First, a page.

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How a gecko may hold the key to evolutionary question
The answer to the “queen of problems in evolutionary biology” may be held inside of a tiny gecko.
A graduate student at The University of Texas at Arlington hopes his research in evolutionary biology will unlock that answer, aided by a prestigious National Science Foundation grant.
Jose Maldonado, a second-year doctoral student in biology, was selected for a 2019 NSF Graduate Research Fellowship. It’s a program that helps outstanding graduate students pursuing research-based graduate degrees at accredited U.S. institutions in NSF-supported science, technology, engineering, and mathematics disciplines.
What’s the “Queen” of evolutionary biology problems? It’s this: How did sexually reproducing organisms evolve from asexually reproducing ancestors?
The GRF award will support Maldonado’s dissertation research concerning why sexual rather than asexual reproduction evolved as the dominant form.
While asexual populations grow at a faster rate, giving them a demographic advantage, those populations can accumulate harmful mutations. Such mutations are normally removed from populations with sexual reproduction.
“As these mutations accumulate, they reduce the organism’s fitness and eventually lead to the extinction of asexual lineages,” Maldonado said in a statement.
Maldonado will use an asexual gecko species Lepidodactylus lugubris, also called the mourning gecko, to test his theories.
“We are planning to resequence the whole genome of both asexual and sexual geckos from natural populations, then test which geckos have accumulated more mutations,” Maldonado said. Find out more here.
UNT College of Engineering gets $750K from Office of Naval Research
Educational and research initiatives in materials, manufacturing, and electronics at the University of North Texas College of Engineering are getting a boost over the next three years from a $750,000 award by the Office of Naval Research.
The initiative will feature the benefits of miniaturized systems like sensors and actuators, which are the central parts of micro-electro-mechanical systems and nanotechnology, particularly for radio frequency applications, according to a statement.
Additive manufacturing and microfabrication technology are expected to create flexible, light-weight sensors with nanomaterials. Some of these structures will also be utilized to transmit and receive radio frequency signals.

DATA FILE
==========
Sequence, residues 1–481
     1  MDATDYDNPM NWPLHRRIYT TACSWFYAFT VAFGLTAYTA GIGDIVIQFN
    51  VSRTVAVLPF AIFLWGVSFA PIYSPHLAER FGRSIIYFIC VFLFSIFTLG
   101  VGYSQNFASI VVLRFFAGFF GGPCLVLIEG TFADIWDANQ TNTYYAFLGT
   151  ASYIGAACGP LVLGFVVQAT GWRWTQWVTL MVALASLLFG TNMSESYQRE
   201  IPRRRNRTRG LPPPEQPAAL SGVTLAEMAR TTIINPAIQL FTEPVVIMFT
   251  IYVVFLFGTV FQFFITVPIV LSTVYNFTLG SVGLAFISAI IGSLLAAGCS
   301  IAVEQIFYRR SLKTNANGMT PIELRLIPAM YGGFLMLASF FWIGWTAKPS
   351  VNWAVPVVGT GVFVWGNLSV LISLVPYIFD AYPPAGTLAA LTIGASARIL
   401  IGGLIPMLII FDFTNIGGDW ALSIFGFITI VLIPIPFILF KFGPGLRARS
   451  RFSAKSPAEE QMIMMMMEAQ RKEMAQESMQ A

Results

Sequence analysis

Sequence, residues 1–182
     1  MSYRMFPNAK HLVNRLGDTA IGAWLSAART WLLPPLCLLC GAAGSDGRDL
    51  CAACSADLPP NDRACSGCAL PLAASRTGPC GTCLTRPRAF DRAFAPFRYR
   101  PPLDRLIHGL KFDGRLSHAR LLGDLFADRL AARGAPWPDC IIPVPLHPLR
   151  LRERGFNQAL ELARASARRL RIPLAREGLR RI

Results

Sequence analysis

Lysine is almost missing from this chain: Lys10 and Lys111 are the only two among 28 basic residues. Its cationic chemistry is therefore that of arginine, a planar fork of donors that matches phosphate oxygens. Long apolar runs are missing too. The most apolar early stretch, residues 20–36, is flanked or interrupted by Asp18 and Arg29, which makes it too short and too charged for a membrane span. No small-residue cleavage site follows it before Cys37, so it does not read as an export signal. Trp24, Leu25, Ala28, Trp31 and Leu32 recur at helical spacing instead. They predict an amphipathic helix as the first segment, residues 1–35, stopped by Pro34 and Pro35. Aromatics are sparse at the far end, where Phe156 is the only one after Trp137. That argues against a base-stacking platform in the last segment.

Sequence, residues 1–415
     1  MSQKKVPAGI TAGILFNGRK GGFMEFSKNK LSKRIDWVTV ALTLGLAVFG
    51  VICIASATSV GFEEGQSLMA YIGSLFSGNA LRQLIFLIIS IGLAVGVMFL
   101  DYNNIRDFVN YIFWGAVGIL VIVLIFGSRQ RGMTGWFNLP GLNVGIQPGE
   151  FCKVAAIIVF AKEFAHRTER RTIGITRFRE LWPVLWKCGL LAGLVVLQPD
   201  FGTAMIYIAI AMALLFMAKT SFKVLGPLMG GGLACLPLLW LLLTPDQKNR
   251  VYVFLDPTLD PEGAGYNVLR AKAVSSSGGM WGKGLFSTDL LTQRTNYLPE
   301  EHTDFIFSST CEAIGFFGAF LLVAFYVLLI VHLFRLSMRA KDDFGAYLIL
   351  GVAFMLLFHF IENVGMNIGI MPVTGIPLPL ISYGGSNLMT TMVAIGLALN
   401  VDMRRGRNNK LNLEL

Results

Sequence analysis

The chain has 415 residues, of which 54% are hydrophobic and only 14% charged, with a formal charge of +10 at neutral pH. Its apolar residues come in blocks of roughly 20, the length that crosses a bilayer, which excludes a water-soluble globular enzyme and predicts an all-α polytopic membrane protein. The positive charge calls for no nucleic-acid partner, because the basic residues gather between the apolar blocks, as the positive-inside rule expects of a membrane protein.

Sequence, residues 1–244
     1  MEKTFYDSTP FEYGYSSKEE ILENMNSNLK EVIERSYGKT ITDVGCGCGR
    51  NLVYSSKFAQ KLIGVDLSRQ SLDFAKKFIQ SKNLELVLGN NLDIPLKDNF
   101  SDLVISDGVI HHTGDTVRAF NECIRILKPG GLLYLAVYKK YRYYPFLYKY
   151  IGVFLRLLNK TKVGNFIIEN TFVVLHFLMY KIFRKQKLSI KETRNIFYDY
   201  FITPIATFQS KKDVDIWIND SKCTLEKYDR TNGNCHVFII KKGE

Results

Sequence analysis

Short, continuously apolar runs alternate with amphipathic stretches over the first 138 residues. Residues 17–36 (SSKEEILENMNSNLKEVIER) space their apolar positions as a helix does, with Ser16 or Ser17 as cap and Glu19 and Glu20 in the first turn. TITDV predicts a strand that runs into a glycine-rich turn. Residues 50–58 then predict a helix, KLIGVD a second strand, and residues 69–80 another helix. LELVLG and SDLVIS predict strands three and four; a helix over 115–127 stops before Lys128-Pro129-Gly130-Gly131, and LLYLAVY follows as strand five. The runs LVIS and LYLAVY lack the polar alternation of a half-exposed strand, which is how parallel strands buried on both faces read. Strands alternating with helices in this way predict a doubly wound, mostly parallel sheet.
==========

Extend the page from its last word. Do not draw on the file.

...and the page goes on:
Anupama Kaul, the PACCAR endowed professor of engineering, is the principal investigator of the grant and works in the Department of Materials Science and Engineering and Department of Electrical Engineering.
“Under this grant, we will collaborate with our partners at NAVAIR, the Naval Research Labs and other Naval facilities, along with other faculty affiliated with UNT’s PACCAR Technology Institute,” Kaul said in a statement. “Together, we intend to provide an integrated education, training and research experience for undergraduate and graduate students including outreach initiatives to North Texas middle and high school students in STEM.”
Students involved in this program will be able to learn more about Naval STEM careers and develop interdisciplinary skills to help fill a national need for highly trained Navy engineers and scientists.
New study highlights roles of empathy, understanding in treating chronic pain
New research at the University of North Texas Health Science Center’s College of Osteopathic Medicine shows that osteopathic medicine’s focus on physician empathy and understanding results in higher patient satisfaction.
Conducted by the PRECISION Pain Research Registry and TCOM’s John Licciardone, the two-and-a-half year study bolstered the importance of empathy and better interpersonal manners when treating patients with chronic pain, according to a statement.
“The greater levels of physician empathy and the better interpersonal manner reported by patients who were treated by osteopathic physicians may be important mediators of clinical outcomes in people with chronic pain,” Licciardone said in the statement. “That patients of osteopathic physicians reported lower levels of pain catastrophizing and were more resilient and better able to cope with their pain may explain their lower levels of disability.”
Monika Schmitt, a third-year TCOM student and PRECISION Clinical Research Fellow, helped write an article on the study that was published in The Journal of the American Osteopathic Association.
The study focuses on interpersonal manners, empathy, and communication style, and its results showed patients seeing osteopathic physicians had more favorable perceptions of their treatment, according to a statement.
Due to some foundational osteopathic beliefs including that the body is capable of self-regulation and self-healing, the study showed that osteopaths are less likely to prescribe opioids.
“Our results show that osteopathic physicians are less likely to prescribe opioids or nonsteroidal anti-inflammatory drugs for their patients with pain,” Licciardone said. “Thus, osteopathic philosophy and medical care is very consistent with current guidelines from the Centers for Disease Control and Prevention, which emphasize the importance of initiating chronic pain management with non-pharmacological treatments and avoiding opioids unless the benefits outweigh the risk for a patient.”
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